U.S. Commerce Secretary Gina Raimondo on Tuesday said efforts in Congress to approve $52 billion to expand U.S. semiconductor manufacturing could slip into 2022.
Raimondo is still pushing U.S. lawmakers to pass funding to address the ongoing chip supply crisis that has cut auto production and impacted other industries. She said senior lawmakers are committed to addressing the issue.
“If it doesn’t get done, on Jan. 1 we’re going to go at it again,” Raimondo told reporters at a joint press conference with European Commission Executive Vice President Margrethe Vestager. “The only reason it wouldn’t happen is that they have an incredibly busy docket” and there are only a few legislative days left.
Business leaders are increasingly pessimistic Congress can reach agreement on chips funding before they leave for the holidays.
On Nov. 17, House and Senate leaders said they would negotiate toward final agreement on a bill to boost U.S. technology competitiveness with China and semiconductor manufacturing.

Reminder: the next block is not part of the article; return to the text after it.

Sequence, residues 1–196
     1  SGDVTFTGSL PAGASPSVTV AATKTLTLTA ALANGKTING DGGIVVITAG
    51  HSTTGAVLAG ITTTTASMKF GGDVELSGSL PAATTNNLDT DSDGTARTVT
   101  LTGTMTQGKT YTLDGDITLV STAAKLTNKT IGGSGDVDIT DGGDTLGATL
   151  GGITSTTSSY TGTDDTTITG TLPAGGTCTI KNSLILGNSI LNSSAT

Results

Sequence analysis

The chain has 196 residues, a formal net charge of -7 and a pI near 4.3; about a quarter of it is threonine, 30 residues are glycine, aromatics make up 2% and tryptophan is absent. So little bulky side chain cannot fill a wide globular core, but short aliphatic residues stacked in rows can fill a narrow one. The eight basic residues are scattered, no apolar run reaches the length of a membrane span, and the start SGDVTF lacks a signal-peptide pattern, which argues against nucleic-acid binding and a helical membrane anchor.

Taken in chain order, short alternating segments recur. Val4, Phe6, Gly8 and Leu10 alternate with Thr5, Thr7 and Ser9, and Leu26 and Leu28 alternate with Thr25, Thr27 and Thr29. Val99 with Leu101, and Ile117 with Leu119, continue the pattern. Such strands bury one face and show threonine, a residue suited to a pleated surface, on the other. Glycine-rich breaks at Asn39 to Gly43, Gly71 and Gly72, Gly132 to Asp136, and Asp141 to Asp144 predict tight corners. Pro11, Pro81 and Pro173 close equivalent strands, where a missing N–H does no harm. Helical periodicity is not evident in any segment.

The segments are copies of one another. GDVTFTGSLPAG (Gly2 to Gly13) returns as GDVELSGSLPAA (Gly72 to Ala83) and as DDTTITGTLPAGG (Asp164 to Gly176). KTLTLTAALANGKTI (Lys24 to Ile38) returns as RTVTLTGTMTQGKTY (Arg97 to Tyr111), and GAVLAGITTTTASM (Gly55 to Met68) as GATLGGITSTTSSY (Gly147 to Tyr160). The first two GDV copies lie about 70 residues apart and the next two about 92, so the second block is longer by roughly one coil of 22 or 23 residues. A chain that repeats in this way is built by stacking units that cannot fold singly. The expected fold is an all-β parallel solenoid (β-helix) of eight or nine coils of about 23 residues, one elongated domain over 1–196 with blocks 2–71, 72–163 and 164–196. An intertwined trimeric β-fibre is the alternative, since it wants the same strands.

The Senate approved legislation in June to award $52 billion for semiconductor manufacturing and authorize $190 billion to strengthen U.S. technology and research.
Representative Eddie Bernice Johnson, who chairs the House Science, Space, and Technology Committee, said Thursday at a hearing she backs funding but said “a one-time infusion of funding will not be enough to maintain U.S. leadership in microelectronics innovation.”
Representative Frank Lucas, the top Republican on the panel, said lawmakers have “been ready to go for months….Time is short to address our future domestic chip needs. We need to act now because I can tell you that our competitors aren’t waiting.”